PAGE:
Despite some encouraging signs, the fate of statistics in K-12 remains an open question. The answer lies in broader access to courses and better teacher training.
If we want better teachers, then we need better incentives to teach. That is one big takeaway from a new study of teachers’ skills in 23 developed nations. Here are the study’s findings in a nutshell:
At a time when the STEM jobs pay high salaries to those with strong math skills, it can be hard to attract more people with strong math skills to the classroom. That problem, in turn, depresses U.S. students’ performance in math. Higher salaries or other incentives might help right the ship. So can programs like UTeach, which encourages STEM majors to pursue teaching.
That said, we should not turn our backs on the millions of committed teachers we already have. Professional development programs like Intel Math can boost teachers' grasp of math, even if they came to the job with wobbly skills.
(Hat tip: Education Week.)
What’s Math 2.0 Day you ask? It is a time to sit back and contemplate the crossroads between math and technology. No there’s no pie or mole sauce that comes with this holiday. But feel free to use your cellphone, engage in an online game, or check the weather as acknowledgements of math and technology contributions to society. This year, CTEq would like to celebrate this brilliant partnership by listing out cool STEM careers that require, well, Math 2.0.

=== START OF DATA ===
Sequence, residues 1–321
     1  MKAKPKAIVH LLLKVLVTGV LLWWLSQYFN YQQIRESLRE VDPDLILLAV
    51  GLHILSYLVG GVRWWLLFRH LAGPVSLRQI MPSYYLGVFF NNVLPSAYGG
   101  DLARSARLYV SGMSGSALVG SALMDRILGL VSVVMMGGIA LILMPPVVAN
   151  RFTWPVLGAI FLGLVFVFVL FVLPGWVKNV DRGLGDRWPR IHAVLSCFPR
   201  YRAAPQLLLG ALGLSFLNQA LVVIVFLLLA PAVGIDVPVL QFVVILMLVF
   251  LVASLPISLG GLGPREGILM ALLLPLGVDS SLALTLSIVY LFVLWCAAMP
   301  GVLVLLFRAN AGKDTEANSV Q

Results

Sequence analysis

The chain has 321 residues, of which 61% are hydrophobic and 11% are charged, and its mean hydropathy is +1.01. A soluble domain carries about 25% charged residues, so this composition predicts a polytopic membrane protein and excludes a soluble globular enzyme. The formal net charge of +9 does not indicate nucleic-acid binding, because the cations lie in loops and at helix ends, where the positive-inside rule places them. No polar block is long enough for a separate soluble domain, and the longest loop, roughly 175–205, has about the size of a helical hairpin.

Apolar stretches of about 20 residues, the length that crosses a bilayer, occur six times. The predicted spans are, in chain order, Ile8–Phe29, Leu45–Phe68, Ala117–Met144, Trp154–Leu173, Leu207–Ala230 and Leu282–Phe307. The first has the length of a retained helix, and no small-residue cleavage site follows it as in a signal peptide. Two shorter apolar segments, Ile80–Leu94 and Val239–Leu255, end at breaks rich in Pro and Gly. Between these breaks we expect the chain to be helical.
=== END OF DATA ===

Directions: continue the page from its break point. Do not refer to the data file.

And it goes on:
1) Video Game Designer
While the use of technology may be obvious here, the use of math for video game designing isn’t as crystal. According to Quora.com, “math is everything when it comes to games. From having the ability to calculating the trajectory of an Angry Bird flying through the sky, to ensuring that a character can jump and come back down to the ground -- without the help of mathematics, games simply wouldn't work.” Maybe now you’ll look at Angry Birds a little differently?
2) Computer Animation Specialist for Pixar
Ever found yourself mesmerized at the movies by the size of Mr. Incredible’s muscles, the breeze is Elsa’s frosty white hair, or the perfect tilt on Woody’s cowboy hat? Many of your favorite characters come alive through geometric shaping and modeling. Working for one of the world’s top animations studios requires equals parts creativity, math, and software knowledge.
3) Fashion Designer
Symmetry and congruence are not just terms children hear in math class. They are the principles behind some of the world’s most glamorous fashion designs. Creating the perfect look requires measuring, calculating, and sketching. The introduction of technology allows for more accurate sketches and 3D renderings of designs.
Predicting the weather isn’t all rainbows and sunshine. It involves knowledge on computer green screen technology as well as the algorithms used for making predictions. So don’t underestimate your local weather guy’s use of math and technology!
5) Interior Design
Similar to computer animation and fashion design, creating the perfect interior requires modeling, 3D computer rendering, and accurate measuring. Math and technology have taken interior design careers to new heights. So the next time you’re searching online for your dream closet, consider the math and technology knowledge of the interior designer. Dream closet design consultations involve measuring the length and width of clients’ clothes collections and comparing that to the size and dimensions of the room and the size of the furniture pieces used.
To see more on the math and technology in Pixar animation, check out this video!